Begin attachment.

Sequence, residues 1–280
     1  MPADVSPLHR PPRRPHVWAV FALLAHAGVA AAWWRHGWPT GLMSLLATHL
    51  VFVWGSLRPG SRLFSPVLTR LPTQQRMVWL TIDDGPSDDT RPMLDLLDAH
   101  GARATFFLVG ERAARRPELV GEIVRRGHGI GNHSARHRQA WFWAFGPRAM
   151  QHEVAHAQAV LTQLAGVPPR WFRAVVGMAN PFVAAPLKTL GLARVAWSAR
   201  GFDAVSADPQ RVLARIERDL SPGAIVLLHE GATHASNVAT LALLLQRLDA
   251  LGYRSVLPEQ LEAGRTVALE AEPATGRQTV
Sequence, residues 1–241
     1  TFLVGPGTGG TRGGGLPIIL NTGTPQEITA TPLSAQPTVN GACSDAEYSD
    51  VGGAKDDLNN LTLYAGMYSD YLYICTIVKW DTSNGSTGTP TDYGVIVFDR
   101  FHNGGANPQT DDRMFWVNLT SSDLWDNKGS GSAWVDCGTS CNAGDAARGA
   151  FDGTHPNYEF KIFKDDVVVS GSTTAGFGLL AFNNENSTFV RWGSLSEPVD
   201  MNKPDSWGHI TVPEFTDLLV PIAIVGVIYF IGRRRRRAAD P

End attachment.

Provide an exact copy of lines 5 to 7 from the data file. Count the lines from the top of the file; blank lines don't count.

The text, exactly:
   151  QHEVAHAQAV LTQLAGVPPR WFRAVVGMAN PFVAAPLKTL GLARVAWSAR
   201  GFDAVSADPQ RVLARIERDL SPGAIVLLHE GATHASNVAT LALLLQRLDA
   251  LGYRSVLPEQ LEAGRTVALE AEPATGRQTV